Each channel object provides information about a particular channel. Each channel object includes multiple fields or descriptors that provide information about that channel. Each channel object includes fields for a “name”, a “logo indicator” and a “logo index”. The “name” field of a channel object provides a name of the channel. The “logo indicator” is preferably a one bit field that, when set to “1”, indicates that the channel object contains a logo index, and when set to “0”, indicates that the channel object does not contain a logo index. The “logo index” field identifies the logo index for the channel as defined in a logo index table. The logo index table is a table of logos, with each logo having an associated logo index. The following is an example of a portion of a logo index table:
Each descriptor in a channel object includes a descriptor type ID that indicates the type of the descriptor. Descriptor types include “about” descriptors, “category” descriptors, “reserved” descriptors and “channel content” descriptors. The “about” descriptor provides a description of the channel. When there is no “about” descriptor, the description defaults to a message such as “No Information Available”. The “category” descriptor provides a category classification for the channel. More than one “category” descriptor can appear in the channel object if the channel falls into more than one category. “Reserved” descriptors are saved for future improvements to the system. “Channel content” descriptors are discussed below after a description of channel definitions.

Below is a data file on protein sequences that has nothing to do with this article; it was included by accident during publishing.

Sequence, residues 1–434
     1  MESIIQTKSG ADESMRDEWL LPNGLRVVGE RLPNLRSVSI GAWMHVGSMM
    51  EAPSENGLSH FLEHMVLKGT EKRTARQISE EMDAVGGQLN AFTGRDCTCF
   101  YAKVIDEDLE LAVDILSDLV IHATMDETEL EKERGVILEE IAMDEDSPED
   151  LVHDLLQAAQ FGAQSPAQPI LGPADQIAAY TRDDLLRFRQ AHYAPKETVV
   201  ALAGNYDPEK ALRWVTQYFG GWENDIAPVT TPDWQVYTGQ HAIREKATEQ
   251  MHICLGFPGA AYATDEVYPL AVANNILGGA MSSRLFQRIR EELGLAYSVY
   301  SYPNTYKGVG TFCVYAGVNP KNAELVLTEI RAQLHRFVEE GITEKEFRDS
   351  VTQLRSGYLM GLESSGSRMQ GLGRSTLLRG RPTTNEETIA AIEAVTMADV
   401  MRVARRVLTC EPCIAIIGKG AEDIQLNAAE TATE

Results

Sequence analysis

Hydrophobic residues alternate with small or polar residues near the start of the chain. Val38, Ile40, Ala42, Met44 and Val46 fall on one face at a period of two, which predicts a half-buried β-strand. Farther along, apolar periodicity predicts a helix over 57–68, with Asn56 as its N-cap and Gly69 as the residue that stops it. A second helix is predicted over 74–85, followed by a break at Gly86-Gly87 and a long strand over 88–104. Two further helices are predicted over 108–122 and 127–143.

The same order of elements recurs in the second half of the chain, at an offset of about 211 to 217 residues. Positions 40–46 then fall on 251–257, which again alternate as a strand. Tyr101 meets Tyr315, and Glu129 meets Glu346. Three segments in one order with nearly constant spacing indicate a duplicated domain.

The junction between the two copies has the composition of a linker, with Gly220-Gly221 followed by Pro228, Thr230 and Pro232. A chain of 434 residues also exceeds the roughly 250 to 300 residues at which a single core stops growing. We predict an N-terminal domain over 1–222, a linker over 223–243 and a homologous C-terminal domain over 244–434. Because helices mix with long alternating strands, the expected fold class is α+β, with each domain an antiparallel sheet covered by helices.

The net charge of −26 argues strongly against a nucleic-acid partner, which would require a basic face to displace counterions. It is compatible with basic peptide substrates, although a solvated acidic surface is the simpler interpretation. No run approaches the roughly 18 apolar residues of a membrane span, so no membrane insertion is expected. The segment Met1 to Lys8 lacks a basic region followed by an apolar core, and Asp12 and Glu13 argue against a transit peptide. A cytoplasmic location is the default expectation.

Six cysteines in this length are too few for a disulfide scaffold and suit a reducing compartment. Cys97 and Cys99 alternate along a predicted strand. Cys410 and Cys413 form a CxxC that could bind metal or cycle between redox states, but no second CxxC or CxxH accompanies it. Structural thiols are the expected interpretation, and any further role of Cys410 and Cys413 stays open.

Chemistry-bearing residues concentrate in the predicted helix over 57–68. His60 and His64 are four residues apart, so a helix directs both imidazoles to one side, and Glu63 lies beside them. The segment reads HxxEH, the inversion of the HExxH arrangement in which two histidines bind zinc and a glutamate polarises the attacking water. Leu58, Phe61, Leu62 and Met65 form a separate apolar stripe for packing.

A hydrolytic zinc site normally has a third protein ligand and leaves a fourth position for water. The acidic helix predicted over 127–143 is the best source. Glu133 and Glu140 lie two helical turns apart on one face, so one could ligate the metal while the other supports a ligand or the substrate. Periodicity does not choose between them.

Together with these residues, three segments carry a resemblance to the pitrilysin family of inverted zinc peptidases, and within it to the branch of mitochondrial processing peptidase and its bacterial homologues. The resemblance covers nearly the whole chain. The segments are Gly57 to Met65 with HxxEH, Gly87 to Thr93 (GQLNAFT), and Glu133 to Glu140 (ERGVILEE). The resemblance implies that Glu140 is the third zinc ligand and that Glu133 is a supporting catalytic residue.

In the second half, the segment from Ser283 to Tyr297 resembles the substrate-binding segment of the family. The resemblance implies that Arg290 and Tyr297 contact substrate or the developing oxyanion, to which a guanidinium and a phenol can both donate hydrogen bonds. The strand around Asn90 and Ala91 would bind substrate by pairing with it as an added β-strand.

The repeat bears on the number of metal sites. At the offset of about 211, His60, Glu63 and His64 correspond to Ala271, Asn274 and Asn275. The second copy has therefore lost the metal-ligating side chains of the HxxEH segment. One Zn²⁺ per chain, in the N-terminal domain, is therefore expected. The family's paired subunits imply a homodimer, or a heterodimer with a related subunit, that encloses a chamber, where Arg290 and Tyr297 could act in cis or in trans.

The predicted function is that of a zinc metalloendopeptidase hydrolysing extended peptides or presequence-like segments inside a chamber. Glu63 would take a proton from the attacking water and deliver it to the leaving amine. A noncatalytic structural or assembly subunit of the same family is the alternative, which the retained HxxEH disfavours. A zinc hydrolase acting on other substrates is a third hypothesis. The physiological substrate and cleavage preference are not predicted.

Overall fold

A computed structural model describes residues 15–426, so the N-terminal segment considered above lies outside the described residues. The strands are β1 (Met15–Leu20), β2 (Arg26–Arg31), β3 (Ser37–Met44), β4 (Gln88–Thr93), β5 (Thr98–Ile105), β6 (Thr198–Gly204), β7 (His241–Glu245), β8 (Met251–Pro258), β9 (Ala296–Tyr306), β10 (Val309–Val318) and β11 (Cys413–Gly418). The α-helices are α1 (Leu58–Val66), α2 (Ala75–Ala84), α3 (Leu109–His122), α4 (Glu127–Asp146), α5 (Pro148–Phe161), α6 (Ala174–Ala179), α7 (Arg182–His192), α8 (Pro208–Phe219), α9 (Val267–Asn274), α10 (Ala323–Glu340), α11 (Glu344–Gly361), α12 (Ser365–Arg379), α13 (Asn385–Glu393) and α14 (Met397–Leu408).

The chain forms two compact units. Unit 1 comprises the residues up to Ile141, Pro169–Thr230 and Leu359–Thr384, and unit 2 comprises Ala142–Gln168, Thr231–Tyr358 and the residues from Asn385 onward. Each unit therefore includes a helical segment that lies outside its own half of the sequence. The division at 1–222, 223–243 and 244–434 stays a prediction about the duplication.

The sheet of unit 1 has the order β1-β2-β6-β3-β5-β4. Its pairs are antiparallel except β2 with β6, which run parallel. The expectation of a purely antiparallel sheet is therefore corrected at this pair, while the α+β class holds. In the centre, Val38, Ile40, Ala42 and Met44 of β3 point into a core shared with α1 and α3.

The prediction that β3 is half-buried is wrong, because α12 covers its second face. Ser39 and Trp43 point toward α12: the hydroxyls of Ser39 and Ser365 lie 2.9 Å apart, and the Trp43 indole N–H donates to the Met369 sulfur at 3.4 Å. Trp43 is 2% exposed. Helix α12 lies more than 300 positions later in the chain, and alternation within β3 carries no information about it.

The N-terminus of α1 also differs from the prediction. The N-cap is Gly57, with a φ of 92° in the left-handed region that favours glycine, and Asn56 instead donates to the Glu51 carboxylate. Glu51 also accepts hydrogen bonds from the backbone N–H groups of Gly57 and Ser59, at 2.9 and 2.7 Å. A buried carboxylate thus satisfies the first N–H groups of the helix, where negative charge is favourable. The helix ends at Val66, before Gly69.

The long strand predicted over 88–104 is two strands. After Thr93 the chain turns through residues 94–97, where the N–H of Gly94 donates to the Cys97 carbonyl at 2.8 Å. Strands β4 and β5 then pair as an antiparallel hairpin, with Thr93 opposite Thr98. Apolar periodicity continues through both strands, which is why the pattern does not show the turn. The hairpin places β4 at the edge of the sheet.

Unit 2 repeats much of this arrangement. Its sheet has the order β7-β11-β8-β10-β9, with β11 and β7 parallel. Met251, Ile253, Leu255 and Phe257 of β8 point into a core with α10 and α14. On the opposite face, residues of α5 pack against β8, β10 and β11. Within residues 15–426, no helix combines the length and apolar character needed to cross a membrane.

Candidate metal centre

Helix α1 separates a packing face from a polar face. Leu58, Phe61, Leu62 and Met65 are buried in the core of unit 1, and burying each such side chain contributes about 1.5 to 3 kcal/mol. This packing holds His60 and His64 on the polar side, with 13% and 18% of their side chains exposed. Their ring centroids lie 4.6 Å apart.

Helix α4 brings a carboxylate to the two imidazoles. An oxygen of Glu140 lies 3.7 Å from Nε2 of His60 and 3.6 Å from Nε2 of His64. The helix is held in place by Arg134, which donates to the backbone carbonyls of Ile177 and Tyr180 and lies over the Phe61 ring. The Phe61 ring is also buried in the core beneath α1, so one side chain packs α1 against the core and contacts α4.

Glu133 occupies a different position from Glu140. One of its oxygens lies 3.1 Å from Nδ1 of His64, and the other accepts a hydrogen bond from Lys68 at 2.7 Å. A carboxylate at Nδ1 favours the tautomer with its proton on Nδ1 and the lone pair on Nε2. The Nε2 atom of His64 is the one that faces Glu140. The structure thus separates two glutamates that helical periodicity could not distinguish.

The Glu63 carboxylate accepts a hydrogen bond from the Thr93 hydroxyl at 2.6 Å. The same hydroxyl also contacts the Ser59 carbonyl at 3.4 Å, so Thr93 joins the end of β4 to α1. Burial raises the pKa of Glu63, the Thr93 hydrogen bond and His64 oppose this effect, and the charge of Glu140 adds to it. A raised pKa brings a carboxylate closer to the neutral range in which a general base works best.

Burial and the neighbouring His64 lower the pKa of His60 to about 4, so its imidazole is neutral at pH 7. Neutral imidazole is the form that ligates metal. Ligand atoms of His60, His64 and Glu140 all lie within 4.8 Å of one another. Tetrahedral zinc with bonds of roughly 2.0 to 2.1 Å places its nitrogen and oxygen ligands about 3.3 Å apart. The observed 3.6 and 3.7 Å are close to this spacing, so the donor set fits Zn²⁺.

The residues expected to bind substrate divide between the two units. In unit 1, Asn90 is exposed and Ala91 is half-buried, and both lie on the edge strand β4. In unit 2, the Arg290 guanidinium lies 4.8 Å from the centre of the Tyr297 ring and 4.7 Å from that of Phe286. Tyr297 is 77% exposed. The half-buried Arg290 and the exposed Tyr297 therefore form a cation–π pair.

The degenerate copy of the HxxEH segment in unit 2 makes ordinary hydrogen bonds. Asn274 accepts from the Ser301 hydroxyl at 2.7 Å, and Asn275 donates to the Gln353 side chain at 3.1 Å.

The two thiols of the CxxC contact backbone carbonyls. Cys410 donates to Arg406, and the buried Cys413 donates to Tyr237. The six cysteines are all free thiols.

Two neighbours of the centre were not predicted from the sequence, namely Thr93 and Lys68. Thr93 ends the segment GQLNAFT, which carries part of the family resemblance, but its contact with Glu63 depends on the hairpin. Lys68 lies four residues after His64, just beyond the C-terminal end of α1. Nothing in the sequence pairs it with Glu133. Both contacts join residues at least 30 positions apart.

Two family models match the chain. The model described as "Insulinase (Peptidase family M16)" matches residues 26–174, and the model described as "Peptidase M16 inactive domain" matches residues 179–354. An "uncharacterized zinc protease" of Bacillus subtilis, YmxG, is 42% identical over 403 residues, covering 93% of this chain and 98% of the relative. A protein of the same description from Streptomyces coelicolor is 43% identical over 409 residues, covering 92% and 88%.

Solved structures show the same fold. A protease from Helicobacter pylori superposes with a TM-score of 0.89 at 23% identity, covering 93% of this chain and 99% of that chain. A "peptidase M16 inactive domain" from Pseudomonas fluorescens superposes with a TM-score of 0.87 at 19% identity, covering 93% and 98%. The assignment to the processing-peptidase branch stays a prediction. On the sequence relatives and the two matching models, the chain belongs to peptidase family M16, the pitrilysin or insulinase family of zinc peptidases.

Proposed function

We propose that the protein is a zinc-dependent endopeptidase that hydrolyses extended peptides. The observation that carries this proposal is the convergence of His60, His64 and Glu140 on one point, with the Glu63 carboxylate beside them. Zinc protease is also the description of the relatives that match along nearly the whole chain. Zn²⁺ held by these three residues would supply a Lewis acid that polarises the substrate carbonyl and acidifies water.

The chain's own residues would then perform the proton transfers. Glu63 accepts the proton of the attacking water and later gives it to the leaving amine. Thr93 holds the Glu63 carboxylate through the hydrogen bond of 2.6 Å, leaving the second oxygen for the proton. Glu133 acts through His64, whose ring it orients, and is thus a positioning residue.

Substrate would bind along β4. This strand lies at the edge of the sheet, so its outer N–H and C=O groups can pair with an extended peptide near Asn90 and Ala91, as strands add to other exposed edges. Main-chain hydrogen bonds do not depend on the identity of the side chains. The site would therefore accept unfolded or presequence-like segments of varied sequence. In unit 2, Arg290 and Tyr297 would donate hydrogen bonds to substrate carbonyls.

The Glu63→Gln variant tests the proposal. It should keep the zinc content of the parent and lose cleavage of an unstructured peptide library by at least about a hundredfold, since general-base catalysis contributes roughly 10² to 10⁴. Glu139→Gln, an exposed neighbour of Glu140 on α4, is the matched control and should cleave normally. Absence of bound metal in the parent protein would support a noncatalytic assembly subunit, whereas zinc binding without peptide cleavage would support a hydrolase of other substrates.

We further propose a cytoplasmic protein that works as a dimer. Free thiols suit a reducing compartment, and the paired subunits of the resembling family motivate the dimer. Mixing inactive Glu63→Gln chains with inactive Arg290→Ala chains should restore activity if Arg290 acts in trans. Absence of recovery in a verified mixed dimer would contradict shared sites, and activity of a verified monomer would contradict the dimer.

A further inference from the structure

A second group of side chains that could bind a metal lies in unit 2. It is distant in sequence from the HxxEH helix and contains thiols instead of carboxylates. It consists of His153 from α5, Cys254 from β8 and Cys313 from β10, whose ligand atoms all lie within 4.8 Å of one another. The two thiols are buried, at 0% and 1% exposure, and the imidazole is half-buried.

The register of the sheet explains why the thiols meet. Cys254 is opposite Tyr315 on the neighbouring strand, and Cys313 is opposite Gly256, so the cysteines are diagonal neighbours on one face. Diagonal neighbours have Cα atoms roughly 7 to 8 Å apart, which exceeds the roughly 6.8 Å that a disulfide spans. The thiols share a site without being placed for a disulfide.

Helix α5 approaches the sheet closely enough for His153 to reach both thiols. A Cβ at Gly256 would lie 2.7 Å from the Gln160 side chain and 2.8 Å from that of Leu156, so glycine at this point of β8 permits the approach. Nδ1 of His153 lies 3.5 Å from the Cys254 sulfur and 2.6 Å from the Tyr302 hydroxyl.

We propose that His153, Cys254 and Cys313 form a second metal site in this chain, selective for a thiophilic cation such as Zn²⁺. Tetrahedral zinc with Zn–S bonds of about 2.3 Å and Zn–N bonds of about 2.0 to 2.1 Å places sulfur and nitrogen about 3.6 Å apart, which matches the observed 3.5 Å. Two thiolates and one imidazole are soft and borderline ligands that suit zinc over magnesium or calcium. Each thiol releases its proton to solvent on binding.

Each channel object includes a variable length “channel definition” field. The channel definition field defines the composition of the channel, and is later used by receiver 64 to reconstruct the channel components (e.g., audio, video and data). The channel definition field includes a plurality of sub-fields, and conditional logic that preferably consists of multiple “if-then” statements. One of the sub-fields is a service paradigm indicator (SPI). Each SPI identifies an entry in a channel composition table. The channel composition table defines the type of channel components for the various SPIs. The following is an example of a channel composition table:
DSS - General TV (GTV)
DSS - GTV + Continuous Data (CD)
DSS - GTV + Session Data (SD)
DSS - GTV + Data Annotation Video
DSS - GTV + DAVID + AC3 (Dolby digital audio
DSS - General Audio
DSS - CD